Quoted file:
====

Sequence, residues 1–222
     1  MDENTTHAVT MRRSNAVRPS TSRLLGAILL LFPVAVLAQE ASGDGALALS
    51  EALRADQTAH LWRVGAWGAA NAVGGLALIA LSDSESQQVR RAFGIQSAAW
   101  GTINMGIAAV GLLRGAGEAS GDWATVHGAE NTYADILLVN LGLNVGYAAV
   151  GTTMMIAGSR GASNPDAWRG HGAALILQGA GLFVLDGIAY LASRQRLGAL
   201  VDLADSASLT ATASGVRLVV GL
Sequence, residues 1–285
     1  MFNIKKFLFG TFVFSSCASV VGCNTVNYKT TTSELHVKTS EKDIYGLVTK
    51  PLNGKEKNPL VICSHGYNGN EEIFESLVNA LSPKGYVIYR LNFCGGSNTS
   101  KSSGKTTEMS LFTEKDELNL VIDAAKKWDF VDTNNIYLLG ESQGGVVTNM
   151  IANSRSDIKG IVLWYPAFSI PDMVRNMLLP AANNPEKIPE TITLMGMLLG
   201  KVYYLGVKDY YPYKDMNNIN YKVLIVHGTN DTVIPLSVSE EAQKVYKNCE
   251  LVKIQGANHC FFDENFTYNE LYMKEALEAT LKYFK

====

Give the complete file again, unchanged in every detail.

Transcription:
Sequence, residues 1–222
     1  MDENTTHAVT MRRSNAVRPS TSRLLGAILL LFPVAVLAQE ASGDGALALS
    51  EALRADQTAH LWRVGAWGAA NAVGGLALIA LSDSESQQVR RAFGIQSAAW
   101  GTINMGIAAV GLLRGAGEAS GDWATVHGAE NTYADILLVN LGLNVGYAAV
   151  GTTMMIAGSR GASNPDAWRG HGAALILQGA GLFVLDGIAY LASRQRLGAL
   201  VDLADSASLT ATASGVRLVV GL
Sequence, residues 1–285
     1  MFNIKKFLFG TFVFSSCASV VGCNTVNYKT TTSELHVKTS EKDIYGLVTK
    51  PLNGKEKNPL VICSHGYNGN EEIFESLVNA LSPKGYVIYR LNFCGGSNTS
   101  KSSGKTTEMS LFTEKDELNL VIDAAKKWDF VDTNNIYLLG ESQGGVVTNM
   151  IANSRSDIKG IVLWYPAFSI PDMVRNMLLP AANNPEKIPE TITLMGMLLG
   201  KVYYLGVKDY YPYKDMNNIN YKVLIVHGTN DTVIPLSVSE EAQKVYKNCE
   251  LVKIQGANHC FFDENFTYNE LYMKEALEAT LKYFK